Christmas always means biscotti, or should. Only my inner Italian hadn’t made them in a few years. So, I decided to drag out my recipe and tweak it. Biscotti, also called cantuccini, are Italian biscuits that originated in Tuscany if memory serves (traditionally almond or anise) .
They are twice-baked, oblong,crunchy, and delizioso. The word originates from the medieval Latin word biscoctus, meaning “twice-cooked.” They are also so truly uncomplicated and simple to make that I reminded myself today I should make them more often.
I updated my recipe and tried a new twist. I created Cranberry-Almond and Chocolate-Pistachio Biscotti. And yes they are that good. I blame Ancestry.com for making me remember my Italians today!
Without further ado:
BISCOTTI TWO WAYS
8 tablespoons butter, salted or unsalted
1 cup sugar
1/2 teaspoon salt
3 teaspoons vanilla extract
1 1/2 teaspoons baking powder
2 large eggs
2 cups flour
Coarse sprinkling sugar (you know the sparkly fancy holiday stuff – Home Goods always has it!)
To turn them into Cranberry-Almond also add:
1/2 teaspoon almond extract
1 cup dried cranberries
1 cup sliced almonds
1 teaspoon anisette or ½ teaspoon anise extract
To turn them into Chocolate-Pistachio also add:
1 teaspoon coffee extract
1/3 cup Hershey’s Special Dark Cocoa
3/4 cup chopped fine pistachios
4 oz (1/2 bag) Heath Toffee Bits
2 teaspoons cinnamon
How to mix it all together and bake:
- Preheat the oven to 350°F. Line pan with baking parchment paper or use silicone baking sheets (I use commercial sheet pans from Chicago Metallic with silicone liners I bought separately – I do NOT use dark pans they burn everything – aluminum – silver only. Also known as Uncoated Large Jelly Roll Pan, 16-3/4 by 12-Inch)
- In a big bowl, beat the butter, sugar, salt, extracts, and baking powder until the mixture is smooth and creamy.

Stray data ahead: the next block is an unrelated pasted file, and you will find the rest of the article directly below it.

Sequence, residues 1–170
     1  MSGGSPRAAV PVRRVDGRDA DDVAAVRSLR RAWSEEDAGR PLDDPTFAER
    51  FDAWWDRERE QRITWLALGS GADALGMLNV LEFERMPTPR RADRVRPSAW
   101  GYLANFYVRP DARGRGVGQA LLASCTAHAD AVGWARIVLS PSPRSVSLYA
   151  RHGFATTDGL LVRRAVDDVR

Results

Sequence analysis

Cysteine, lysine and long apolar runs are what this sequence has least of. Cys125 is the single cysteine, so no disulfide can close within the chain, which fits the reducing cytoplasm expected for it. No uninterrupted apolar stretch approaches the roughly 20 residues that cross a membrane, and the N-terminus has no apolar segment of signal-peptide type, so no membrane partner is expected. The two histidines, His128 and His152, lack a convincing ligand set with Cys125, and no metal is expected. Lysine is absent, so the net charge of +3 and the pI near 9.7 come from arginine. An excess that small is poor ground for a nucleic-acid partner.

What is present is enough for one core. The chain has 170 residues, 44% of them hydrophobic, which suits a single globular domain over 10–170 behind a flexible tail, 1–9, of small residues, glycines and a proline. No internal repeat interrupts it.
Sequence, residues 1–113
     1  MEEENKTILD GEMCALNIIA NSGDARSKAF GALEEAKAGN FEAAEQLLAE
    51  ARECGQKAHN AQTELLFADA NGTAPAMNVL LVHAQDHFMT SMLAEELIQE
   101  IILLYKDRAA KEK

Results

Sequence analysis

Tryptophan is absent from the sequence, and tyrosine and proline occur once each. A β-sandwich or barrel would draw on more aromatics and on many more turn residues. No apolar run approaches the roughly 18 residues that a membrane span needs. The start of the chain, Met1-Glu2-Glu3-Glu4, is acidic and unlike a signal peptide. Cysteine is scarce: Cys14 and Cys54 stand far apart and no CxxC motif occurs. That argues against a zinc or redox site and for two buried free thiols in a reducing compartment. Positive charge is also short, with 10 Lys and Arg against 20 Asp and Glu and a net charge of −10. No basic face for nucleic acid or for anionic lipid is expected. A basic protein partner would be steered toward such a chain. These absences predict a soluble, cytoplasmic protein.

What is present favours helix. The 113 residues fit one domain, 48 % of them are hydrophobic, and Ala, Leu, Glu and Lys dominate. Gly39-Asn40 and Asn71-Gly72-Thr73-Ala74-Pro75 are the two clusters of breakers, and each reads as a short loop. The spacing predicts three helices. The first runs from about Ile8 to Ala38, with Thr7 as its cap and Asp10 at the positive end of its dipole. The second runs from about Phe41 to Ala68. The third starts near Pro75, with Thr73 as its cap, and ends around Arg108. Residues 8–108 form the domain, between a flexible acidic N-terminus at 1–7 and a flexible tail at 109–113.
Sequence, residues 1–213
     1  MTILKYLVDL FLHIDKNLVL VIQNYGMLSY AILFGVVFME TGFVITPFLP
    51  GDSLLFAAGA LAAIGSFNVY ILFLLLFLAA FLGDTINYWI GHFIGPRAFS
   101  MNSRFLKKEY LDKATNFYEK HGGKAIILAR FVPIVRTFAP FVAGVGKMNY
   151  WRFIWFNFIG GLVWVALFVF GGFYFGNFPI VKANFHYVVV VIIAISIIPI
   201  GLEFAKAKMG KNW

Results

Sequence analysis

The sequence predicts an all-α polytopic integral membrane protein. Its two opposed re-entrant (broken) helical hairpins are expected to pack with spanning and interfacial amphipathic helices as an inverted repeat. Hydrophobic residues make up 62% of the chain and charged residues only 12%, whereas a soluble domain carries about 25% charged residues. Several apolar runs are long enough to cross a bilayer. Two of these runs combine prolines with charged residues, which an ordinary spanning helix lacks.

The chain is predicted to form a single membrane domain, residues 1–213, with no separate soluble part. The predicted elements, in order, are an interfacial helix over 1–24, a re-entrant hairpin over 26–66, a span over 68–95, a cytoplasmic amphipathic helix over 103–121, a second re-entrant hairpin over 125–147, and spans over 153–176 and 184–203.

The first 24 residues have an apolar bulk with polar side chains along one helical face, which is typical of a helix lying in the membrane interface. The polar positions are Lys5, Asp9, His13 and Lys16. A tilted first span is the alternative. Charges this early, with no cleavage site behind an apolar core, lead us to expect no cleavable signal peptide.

- Beat in the eggs; the batter may look slightly curdled. At low speed of your mixer, add the flour, stirring until smooth; the dough will be sticky.
- REFRIGERATE the dough a couple of hours wrapped tightly in plastic wrap. ( A lot of recipes and chefs say you do not have to, but I refrigerate a lot of my cookie doughs before dividing and baking.) Allow to warm up about 15 minutes before dividing and shaping.
- Plop the dough onto the baking sheet. Divide it in half with a knife(carefully, don’t mess up your silicone baking sheets, parchment paper, or pans), and shape it into two approximately 9 1/2″ x 2″ logs, about 3/4″ tall. Straighten the logs, and smooth their tops and sides- I use my fingers and the back of a wooden spoon. Sprinkle with sparkle sugar and press that in top
- Bake the dough for 25 minutes. Remove it from the oven.
- Using a spray bottle filled with room-temperature water, lightly but thoroughly spritz the logs, making sure to cover the sides as well as the top. Softening the crust just this little bit will make slicing the biscotti much easier. Reduce the oven temperature to 325°F.
- Wait 5 minutes, then use a sharp serrated knife to cut the log crosswise into 1/2″ to 3/4″ slices. Be sure to cut straight up and down, perpendicular to the pan; if you cut unevenly, biscotti may be thicker at the top than the bottom, and they’ll fall over during their second baking.
- Set the biscotti on edge on the prepared baking sheet. Return the biscotti to the oven, and bake them for 25 to 30 minutes (NOTE: Chocolate ones took almost 32 minutes on the second bake), until they feel very dry and are beginning to turn golden. They’ll continue to dry out as they cool.
- Remove the biscotti from the oven, and transfer them to a rack to cool. Store airtight at room temperature; they’ll stay good for weeks.
You will get about 30 biscotti a batch depending on size. Sometimes a couple less, sometimes a couple more. Depends on the dough Lincoln logs.